In honour of mothers everywhere, including mine and Framboise's (sorry about the oranges!), I am sending this to my friend (and a mother herself) Ivy at Kopiaste for her Celebrating Mother's Day event.

Thursday, May 7, 2009

Salmon spaghetti

Jamie Oliver is one of my favourite TV chefs - I loved his "cheeky chappy" persona back in his younger days, and I have enjoyed watching him become a rounded individual who seems to care for the wider community and does what he can to improve lives through teaching cooking skills.

I own most of his books, including Cook with Jamie, which I would probably rate as my favourite. There are terrific categories of recipes which allow you to choose pasta, meat, fish, vegetables and desserts. I particularly like Jools Favourite Sunday Afternoon Pasta and his roasted chicken breast variations (especially with the lemon Bombay potatoes!).

However, not everything that I have made from this book has taken my fancy. For example, I found that the Fifteen Chocolate Brownies didn't really set properly (perhaps they were supposed to be gooey? For the record, my work colleagues loved them).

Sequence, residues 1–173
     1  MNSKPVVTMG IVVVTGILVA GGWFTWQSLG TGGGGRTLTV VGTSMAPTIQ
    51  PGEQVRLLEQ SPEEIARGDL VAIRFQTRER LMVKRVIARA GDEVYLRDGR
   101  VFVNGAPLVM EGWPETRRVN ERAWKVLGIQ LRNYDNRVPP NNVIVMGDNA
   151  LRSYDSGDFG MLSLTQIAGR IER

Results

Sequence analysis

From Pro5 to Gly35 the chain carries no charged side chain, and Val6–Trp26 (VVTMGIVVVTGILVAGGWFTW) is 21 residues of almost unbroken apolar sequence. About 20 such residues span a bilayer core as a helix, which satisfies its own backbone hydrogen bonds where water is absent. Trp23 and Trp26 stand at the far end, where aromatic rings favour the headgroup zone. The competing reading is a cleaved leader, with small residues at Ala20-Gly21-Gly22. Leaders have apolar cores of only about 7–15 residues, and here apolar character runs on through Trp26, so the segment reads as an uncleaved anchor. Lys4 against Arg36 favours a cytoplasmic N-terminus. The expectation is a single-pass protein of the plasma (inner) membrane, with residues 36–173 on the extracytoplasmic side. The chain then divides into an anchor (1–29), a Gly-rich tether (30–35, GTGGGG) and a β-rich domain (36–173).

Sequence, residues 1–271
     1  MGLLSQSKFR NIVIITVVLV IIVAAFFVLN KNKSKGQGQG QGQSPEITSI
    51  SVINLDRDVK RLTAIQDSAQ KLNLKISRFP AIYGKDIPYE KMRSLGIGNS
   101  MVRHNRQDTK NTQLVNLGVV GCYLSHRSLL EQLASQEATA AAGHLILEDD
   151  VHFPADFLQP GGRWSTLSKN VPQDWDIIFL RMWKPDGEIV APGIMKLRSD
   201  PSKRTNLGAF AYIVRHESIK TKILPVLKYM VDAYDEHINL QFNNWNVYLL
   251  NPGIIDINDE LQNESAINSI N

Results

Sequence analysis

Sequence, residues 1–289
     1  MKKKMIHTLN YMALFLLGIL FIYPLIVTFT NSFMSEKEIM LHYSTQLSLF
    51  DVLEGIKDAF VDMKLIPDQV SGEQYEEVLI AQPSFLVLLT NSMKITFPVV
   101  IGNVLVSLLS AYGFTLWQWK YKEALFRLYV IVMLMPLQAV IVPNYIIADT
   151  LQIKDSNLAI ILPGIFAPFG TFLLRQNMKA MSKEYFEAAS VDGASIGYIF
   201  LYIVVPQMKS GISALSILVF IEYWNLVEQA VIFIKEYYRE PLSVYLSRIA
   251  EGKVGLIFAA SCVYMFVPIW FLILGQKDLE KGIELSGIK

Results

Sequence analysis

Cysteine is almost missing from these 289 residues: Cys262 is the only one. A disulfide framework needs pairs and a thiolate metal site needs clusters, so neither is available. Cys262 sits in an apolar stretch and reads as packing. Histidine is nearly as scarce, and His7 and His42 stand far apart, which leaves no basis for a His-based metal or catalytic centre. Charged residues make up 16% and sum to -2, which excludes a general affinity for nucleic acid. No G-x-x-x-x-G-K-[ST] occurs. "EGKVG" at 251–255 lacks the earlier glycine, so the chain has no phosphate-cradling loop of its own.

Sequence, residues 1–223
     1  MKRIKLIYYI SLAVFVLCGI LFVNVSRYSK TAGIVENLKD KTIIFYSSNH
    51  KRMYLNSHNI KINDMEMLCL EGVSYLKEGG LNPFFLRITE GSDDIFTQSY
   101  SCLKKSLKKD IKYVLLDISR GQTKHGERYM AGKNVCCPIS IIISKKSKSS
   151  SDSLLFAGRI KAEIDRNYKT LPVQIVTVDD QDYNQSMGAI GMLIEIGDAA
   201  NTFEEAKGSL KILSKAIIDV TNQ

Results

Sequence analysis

In the latter category is Jamie's Lovely Crab Linguine, which in my hands, became Salmon Spaghetti. Crabmeat is hideously expensive at present, tinned or fresh, and I couldn't justify the cost when the object was to save money on work lunches by bringing lunch from home.

I am not sure whether the flavour of the salmon, which is stronger than crabmeat, simply overpowered the other flavours (fennel, chilli, lemon), or whether this just wasn't my thing, but this didn't grab me at all. I also left out the fennel seeds and most of the 140ml of oil (which would have made the pasta soooooo much more calorific) - perhaps this had a strong influence. Unfortunately, I just felt that this dish did not have enough "oomph" - I would have much preferred a rich, tomato based pasta. However, to be fair, Jamie says that in its guise as crab linguine with all the ingredients, it is a favourite at his Fifteen restaurants.

To make my lower cal, lower budget version of this dish, you will need:

2 chillis, deseeded and finely chopped
zest and juice of 1 lemon
1 fennel bulb, shaved into pieces with a vegetable peeler
2 tablespoons olive oil
500g dried spaghetti
400g tin of salmon
salt and pepper to taste

Put the chilli, fennel, lemon juice and zest and salmon in a heatproof bowl, season with salt and pepper, and heat over a saucepan of water which is brought to the boil. Carefully test the meat with your finger to feel when it is heated through, then remove from the heat.